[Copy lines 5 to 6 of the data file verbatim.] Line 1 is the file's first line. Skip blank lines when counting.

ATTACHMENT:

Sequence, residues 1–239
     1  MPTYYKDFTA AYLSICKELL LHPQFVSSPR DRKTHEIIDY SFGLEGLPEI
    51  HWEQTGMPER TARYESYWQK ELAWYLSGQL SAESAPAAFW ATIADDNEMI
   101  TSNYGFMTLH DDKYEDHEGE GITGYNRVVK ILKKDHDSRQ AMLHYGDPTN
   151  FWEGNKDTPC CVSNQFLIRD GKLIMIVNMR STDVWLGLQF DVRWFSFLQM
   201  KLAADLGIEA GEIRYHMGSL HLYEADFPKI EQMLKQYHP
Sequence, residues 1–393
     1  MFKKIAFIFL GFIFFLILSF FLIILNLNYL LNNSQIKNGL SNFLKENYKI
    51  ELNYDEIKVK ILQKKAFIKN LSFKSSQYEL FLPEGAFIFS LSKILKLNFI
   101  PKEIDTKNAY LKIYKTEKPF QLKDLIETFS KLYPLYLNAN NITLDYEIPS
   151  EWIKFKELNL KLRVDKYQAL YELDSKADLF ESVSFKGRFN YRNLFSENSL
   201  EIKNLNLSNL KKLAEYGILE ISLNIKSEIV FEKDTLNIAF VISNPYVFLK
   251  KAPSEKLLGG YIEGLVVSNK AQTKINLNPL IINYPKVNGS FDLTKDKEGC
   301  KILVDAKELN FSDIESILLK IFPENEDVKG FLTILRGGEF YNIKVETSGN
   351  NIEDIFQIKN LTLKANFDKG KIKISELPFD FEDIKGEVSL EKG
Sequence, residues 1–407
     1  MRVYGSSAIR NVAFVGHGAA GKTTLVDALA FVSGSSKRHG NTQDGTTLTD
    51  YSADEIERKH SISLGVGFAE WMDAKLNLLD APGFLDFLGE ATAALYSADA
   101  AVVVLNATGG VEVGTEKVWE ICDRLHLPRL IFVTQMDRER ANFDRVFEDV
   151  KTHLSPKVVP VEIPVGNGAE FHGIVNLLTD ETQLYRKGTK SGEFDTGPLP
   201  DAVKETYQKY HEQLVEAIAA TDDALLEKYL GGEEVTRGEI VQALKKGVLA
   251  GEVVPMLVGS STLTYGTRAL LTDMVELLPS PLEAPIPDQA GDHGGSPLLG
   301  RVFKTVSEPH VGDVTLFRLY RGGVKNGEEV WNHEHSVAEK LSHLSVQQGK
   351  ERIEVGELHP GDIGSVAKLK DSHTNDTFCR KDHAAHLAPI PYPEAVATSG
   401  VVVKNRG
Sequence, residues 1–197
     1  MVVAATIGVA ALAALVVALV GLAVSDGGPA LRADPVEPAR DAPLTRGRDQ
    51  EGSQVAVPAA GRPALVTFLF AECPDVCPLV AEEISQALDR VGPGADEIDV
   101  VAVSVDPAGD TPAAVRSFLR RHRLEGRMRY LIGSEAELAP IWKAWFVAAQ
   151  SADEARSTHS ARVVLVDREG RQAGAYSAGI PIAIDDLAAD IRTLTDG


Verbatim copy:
   151  FWEGNKDTPC CVSNQFLIRD GKLIMIVNMR STDVWLGLQF DVRWFSFLQM
   201  KLAADLGIEA GEIRYHMGSL HLYEADFPKI EQMLKQYHP